Crop-destroying spotted lanternfly, first discovered in Pa., now in N.J.

The spotted lanternfly, a crop-munching invasive pest first discovered on U.S. soil in Berks County, is now in New Jersey.

On Tuesday, the New Jersey and U.S. Departments of Agriculture jointly announced the first confirmed sighting of the spotted lanternfly in the Garden State in Warren County, in the northwest corner of the state bordering the Delaware River.

Native to China, India, Vietnam, and East Asia, the spotted lanternfly is already present in 13 Pennsylvania counties. The Agriculture Departments are asking people traveling to and from Pennsylvania to inspect their vehicles for the insect before entering New Jersey.

The pest prefers the tree of heaven — also an invasive species — as its host. Indeed, the first New Jersey sighting was on a tree of heaven.

The insect can cause damage to 70 plant species, including fruit trees, ornamental trees, woody trees, vegetables, herbs, and vines. That includes crops such as grapes, apples, and peaches.

The spotted lanternfly feeds on plants by piercing them to get at sap. As they do, they excrete liquids. That process causes wounds on the plants and facilitates mold growth.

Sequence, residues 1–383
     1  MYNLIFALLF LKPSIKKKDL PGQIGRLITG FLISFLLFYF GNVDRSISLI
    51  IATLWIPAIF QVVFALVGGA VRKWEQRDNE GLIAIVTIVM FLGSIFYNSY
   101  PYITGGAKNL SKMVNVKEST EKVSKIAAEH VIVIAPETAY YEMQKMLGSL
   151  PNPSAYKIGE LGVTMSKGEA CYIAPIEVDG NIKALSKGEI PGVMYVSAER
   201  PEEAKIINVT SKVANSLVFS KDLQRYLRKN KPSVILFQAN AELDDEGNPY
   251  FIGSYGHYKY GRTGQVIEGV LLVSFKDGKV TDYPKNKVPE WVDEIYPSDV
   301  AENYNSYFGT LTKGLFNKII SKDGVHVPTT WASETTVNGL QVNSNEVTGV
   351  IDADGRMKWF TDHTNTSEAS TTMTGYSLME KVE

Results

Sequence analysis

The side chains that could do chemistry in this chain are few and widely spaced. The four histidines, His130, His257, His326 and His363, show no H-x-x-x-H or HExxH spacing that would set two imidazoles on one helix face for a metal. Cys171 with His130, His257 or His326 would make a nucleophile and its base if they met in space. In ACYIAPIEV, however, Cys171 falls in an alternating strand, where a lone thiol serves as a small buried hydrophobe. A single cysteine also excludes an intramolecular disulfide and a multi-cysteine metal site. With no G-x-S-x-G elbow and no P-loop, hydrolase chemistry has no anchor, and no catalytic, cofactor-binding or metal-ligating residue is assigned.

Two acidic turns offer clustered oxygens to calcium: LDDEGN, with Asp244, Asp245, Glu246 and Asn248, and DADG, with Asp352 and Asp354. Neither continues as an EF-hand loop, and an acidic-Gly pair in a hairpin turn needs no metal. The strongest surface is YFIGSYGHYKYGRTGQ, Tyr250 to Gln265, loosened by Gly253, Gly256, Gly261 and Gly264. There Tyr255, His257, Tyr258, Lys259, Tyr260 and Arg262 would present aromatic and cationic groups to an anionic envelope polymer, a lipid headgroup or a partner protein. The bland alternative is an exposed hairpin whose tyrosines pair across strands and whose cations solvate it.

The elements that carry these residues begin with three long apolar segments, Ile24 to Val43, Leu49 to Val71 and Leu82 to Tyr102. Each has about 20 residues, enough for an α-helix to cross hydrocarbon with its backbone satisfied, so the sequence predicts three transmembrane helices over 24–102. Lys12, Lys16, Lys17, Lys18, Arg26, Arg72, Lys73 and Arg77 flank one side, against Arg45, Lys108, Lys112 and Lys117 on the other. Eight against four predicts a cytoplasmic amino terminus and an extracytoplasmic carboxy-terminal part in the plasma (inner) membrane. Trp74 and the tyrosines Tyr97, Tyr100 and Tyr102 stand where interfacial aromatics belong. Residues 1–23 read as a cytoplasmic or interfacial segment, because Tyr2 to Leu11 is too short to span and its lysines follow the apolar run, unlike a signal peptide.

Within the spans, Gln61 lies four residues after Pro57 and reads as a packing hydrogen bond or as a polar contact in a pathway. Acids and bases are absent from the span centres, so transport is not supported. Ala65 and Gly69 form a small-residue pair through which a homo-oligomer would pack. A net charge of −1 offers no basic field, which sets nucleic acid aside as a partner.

Currently, the pest is in its nymph stage and is likely to be either black or red with white spots, and a half-inch to three-quarters of an inch long.

Surveillance for the pest is continuing in areas along the Delaware River where field crews have been conducting surveys from Warren to Burlington Counties since 2014, when it was first found in Pennsylvania.

The pest has spread so rapidly in Pennsylvania that the federal government pitched in $17.5 million to help the state fight it. The insect now ranges 3,000 square miles in Pennsylvania.

In June, a representative for the Pennsylvania Department of Agriculture said spotted lanternfly populations survived the harsh winter, but treatments are working. Locations treated with pest-controlling bands had markedly fewer numbers of nymphs compared with untreated properties.

The New Jersey Department of Agriculture is asking for help identifying areas where the insect may be present. If residents suspect they found the pest, they can email pictures to SLF-plantindustry@ag.nj.gov or call the New Jersey spotted lanternfly hotline at 1-833-223-2840 (BAD-BUG-0) and leave a message with contact information and the location of the sighting.